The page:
Nadella addressed the IT administrator community, discussing “great experiences” and “people-centric IT”. He said Microsoft would provide tools that would enable IT to maintain control and enable users get control of their devices. These tools would work across devices, covering identity management, device management and endpoint security. 

All, he claimed, would support IT administration without compromising the user experience.

Industry reaction

Commenting on the news of the appointment, Ollie Ross, head of research at IT director group The Corporate IT Forum, said: "Nadella's appointment amidst strong talk of innovation and transformation would appear to offer some clarity, and might hopefully assuage recent uncertainty amongst enterprise users about Microsoft's future direction."

Employment site Reed.co.uk runs on Windows server and SQL Server. The company also uses Google Enterprise, and other non-Microsoft cloud products on the desktop. 

Head of technology, Mark Ridley, said: "Microsoft has felt like a company that undermined its brilliant engineering talent with a lack of strategic vision since Gates's departure and my main hope is that Nadella has Gates's capacity to bridge the divide between engineers and marketers. 

"It's great to see Microsoft have handed the reins back to someone with an engineering background. I hope that Nadella's history in the server and tools business and R&D can refocus Microsoft as a technology company."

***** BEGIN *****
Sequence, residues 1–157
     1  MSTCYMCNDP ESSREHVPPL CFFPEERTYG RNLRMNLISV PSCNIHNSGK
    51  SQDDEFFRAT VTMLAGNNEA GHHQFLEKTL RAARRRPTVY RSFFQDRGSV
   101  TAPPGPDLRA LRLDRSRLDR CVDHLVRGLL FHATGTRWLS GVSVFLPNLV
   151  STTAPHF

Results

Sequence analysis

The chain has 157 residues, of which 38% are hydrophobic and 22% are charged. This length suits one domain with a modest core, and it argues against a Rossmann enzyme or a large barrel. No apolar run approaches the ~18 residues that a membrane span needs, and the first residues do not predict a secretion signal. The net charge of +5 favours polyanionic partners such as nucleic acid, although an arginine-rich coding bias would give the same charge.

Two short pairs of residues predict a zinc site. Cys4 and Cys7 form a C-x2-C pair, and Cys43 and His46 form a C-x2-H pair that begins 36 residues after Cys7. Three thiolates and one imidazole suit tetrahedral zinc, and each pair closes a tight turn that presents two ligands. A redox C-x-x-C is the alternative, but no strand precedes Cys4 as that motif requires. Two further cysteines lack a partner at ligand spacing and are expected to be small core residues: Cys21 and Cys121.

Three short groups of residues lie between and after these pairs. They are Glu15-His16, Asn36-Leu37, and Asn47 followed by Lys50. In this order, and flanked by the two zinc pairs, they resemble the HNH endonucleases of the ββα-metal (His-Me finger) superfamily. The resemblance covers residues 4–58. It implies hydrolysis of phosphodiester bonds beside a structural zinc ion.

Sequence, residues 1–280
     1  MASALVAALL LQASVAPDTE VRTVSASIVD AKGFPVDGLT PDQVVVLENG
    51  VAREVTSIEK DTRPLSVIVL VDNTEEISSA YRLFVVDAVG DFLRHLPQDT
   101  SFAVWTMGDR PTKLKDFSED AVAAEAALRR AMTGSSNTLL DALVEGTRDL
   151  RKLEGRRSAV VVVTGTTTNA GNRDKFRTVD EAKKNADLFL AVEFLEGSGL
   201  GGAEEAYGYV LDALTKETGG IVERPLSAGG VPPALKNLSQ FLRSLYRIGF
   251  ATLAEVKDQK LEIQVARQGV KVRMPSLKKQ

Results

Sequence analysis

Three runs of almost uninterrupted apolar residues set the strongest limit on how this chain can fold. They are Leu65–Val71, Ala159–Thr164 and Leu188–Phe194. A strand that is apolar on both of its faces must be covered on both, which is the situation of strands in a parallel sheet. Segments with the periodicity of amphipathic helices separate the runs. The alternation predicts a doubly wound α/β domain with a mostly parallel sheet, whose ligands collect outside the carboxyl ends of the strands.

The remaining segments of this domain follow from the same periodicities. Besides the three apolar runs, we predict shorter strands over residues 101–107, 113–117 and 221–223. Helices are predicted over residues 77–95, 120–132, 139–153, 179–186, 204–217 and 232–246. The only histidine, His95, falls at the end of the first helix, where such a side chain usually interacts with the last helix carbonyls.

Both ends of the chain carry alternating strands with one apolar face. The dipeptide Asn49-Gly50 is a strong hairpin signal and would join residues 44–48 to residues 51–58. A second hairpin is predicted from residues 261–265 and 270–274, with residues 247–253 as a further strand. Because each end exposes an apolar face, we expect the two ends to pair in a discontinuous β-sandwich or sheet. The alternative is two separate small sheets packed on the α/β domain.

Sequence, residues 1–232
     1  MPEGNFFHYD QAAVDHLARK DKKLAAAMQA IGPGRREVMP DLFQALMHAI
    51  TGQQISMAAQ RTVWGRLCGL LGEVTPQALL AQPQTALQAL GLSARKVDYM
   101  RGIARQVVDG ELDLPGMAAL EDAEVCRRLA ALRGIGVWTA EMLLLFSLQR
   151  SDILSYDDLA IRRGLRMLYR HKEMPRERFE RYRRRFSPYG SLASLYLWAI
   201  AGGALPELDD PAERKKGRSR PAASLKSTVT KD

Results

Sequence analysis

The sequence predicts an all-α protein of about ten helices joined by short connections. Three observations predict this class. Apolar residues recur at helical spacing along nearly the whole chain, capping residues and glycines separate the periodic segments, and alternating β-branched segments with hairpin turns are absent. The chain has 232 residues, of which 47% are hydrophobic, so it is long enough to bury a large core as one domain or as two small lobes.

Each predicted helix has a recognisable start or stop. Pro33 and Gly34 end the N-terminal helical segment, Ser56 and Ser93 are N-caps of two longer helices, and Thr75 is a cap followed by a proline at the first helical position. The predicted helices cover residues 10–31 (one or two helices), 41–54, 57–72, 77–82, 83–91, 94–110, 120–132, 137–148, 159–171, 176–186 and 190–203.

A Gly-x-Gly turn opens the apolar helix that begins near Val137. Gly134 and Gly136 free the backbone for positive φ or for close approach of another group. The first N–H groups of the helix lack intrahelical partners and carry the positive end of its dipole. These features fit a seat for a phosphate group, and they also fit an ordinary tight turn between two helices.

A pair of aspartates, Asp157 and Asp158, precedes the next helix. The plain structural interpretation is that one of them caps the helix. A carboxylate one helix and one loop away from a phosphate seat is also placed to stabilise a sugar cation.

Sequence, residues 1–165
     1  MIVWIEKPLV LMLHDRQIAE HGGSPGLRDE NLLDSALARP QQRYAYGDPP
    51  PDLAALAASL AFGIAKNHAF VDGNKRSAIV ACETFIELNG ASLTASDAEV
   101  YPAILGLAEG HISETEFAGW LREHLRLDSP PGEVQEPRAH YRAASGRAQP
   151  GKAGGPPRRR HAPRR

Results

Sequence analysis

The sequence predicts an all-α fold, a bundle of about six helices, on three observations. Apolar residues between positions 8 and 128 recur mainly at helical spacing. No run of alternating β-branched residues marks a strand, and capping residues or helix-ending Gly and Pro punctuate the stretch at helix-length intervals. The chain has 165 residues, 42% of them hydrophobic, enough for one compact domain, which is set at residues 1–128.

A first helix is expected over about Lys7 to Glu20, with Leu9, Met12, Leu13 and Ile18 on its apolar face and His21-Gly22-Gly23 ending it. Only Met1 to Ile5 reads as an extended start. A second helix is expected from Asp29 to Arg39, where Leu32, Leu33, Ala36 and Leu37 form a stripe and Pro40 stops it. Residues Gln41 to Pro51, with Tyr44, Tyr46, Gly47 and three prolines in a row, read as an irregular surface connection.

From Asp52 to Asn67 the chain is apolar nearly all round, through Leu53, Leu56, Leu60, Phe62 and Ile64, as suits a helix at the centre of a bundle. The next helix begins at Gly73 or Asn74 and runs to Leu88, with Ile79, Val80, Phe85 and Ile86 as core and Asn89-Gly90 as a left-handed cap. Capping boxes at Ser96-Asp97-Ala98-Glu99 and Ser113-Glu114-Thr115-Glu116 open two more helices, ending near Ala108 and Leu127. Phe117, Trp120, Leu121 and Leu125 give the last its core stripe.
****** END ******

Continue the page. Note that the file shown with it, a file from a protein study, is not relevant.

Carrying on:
Using both Microsoft and Google products, Ridley said he wanted to see a new focus for Microsoft under Nadella’s leadership, taking the fight back to Google. "As users, that competition will be great for all of us," he said.

Radical change needed

David  Bradshaw , research manager for public cloud for Europe at analyst IDC, said: "I don’t sense a radical change in direction. Microsoft is in a difficult position, compared with where it was 10 years ago. Cloud social mobile and big data are changing the IT industry."

While Bradshaw expected Nadella’s appointment would boost the company’s cloud focus, he said Microsoft needed to make some changes in other areas of its enterprise business. 

"It has too many ERP suites including Great Plains, Axapta, Dynamics and Navision. This is an area where Microsoft has talked about bringing in a cloud alternatives but it has not got very far," Bradshaw said.

Nadella is not afraid to make take major decisions, he said. "He hacked out major parts of the server division when he was in charge, and took out two organisational layers," Bradshaw said.

Microsoft after Windows

Some experts believe Nadella will need to look at moving Microsoft beyond Windows. 

Analyst Gartner said Microsoft needs to shift from incremental enhancements to the legacy Windows PC and Office world to creating new, innovative and disruptive offerings for the future. 

“Microsoft is facing significant challenges in the mobile space in both the smartphone and tablet segments,” said Gartner fellow David Cearley.

"It needs to have a compelling experience and set of apps without considering the legacy Windows environment."